Waterpipe smoking has increased dramatically worldwide in recent years, with an estimated 100 million daily users. Research on this traditional Middle Eastern tobacco use method is in its infancy, and little is known about users' cessation-related attitudes and experiences. A random sample of 268 narghile (waterpipe) smokers (40% female; mean age=30 years; range=18-68) was obtained from cafes and restaurants in Aleppo, Syria. The majority of users (86.5%) believed they could quit using waterpipes at any time, but that belief was inversely related to perceived dependence, with only 48.7% of those who thought they were "very hooked" believing they could quit. Interest in quitting was expressed by 28.4% of subjects, with the majority (89.2%) reporting health concerns as a primary reason, and 59.2% having made an unsuccessful quit attempt in the past year. In a logistic regression model, independent predictors of interest in quitting included being married, having smoked for fewer years, not increasing the frequency of smoking over time, and having family members who do not smoke a waterpipe and disapprove of its use. Results indicate that a sizable percentage of waterpipe users express interest in quitting and have tried unsuccessfully in the past to quit. Waterpipe use needs to be considered in developing effective tobacco use cessation programs in the Middle East.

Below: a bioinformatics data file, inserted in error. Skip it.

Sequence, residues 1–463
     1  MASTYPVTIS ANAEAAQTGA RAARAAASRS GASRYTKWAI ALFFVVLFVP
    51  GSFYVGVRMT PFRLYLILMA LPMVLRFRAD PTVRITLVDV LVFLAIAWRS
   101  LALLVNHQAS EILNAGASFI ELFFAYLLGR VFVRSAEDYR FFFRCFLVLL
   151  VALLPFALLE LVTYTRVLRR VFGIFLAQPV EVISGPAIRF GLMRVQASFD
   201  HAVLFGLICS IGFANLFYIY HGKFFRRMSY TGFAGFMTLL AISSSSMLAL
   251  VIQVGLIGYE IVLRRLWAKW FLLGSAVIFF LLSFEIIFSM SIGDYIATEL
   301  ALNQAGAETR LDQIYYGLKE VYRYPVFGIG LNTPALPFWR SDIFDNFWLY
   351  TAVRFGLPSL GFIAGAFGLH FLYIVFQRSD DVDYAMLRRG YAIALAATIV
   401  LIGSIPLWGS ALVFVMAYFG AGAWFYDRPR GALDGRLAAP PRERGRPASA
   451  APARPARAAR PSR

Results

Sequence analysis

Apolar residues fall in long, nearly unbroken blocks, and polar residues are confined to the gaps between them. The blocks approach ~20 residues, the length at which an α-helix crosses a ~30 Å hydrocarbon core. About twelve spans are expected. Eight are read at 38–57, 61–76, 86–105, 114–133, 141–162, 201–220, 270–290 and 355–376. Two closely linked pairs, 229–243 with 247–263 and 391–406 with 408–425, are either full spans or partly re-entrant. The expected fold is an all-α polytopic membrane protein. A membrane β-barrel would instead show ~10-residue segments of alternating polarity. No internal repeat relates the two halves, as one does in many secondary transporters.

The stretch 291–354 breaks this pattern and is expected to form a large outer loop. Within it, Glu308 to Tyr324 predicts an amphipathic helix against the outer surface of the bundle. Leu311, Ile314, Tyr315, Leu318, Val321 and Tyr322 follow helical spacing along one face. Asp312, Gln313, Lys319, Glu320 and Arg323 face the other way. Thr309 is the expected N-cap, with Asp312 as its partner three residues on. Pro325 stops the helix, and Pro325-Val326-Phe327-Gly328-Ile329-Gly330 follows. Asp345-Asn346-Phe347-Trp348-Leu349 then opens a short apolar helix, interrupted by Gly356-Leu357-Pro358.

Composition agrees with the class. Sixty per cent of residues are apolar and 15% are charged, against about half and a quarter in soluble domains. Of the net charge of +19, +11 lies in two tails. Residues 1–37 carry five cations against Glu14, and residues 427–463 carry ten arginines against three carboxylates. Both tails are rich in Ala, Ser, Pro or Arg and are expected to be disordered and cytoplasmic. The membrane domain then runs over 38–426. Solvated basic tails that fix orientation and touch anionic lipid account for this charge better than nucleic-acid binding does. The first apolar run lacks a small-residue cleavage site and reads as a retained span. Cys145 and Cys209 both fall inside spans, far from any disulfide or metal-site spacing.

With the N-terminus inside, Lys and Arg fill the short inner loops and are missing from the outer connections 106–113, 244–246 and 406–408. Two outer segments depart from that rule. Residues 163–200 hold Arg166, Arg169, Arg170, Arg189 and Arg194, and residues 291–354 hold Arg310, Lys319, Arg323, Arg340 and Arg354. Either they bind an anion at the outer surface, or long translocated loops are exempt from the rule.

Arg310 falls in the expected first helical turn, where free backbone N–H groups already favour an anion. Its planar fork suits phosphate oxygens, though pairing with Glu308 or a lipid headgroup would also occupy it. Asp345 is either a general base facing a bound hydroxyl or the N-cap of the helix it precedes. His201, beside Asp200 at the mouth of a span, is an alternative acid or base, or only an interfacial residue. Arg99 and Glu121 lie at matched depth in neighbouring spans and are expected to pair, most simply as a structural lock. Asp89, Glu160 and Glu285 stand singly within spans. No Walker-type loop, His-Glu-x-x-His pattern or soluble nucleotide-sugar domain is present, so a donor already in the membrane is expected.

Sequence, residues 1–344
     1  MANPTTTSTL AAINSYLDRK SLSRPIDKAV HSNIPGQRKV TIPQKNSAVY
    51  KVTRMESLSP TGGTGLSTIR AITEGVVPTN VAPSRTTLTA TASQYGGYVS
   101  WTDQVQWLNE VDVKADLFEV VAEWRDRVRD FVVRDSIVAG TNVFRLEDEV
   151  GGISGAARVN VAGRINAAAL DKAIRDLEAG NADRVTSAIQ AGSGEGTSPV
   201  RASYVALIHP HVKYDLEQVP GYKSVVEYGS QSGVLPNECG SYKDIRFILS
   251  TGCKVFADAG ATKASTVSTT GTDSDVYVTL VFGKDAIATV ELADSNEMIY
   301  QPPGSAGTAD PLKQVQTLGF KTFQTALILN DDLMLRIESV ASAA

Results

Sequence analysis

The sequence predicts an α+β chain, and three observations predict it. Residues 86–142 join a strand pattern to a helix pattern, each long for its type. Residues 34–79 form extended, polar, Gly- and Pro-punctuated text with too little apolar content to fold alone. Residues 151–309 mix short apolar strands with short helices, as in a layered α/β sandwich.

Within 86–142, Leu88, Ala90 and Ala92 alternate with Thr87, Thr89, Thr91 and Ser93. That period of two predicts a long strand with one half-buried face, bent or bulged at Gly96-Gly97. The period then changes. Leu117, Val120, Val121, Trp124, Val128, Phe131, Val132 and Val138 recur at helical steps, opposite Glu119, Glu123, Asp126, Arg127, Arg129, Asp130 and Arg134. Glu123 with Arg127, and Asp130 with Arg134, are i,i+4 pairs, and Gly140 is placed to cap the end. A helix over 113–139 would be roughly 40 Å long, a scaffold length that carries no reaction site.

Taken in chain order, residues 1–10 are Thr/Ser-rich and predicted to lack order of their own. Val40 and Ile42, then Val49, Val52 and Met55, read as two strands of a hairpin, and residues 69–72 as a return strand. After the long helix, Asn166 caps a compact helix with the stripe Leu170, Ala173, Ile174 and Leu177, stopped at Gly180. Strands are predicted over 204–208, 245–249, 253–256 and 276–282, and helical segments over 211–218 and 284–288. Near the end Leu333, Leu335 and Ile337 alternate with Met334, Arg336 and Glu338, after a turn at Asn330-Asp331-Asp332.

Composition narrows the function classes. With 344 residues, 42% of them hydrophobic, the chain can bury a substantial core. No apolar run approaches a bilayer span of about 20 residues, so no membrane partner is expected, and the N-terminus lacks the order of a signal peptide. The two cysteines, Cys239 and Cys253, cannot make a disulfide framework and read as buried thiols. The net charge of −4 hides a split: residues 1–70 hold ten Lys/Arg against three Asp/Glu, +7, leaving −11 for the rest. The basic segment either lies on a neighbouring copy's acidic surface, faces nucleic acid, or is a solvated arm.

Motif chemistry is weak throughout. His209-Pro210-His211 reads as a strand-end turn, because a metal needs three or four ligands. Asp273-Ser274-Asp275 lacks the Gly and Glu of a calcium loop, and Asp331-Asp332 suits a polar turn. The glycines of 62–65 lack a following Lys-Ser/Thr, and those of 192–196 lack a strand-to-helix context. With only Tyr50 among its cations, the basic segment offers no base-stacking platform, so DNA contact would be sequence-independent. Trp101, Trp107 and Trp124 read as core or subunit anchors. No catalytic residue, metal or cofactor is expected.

ASJC Scopus subject areas
- Public Health, Environmental and Occupational Health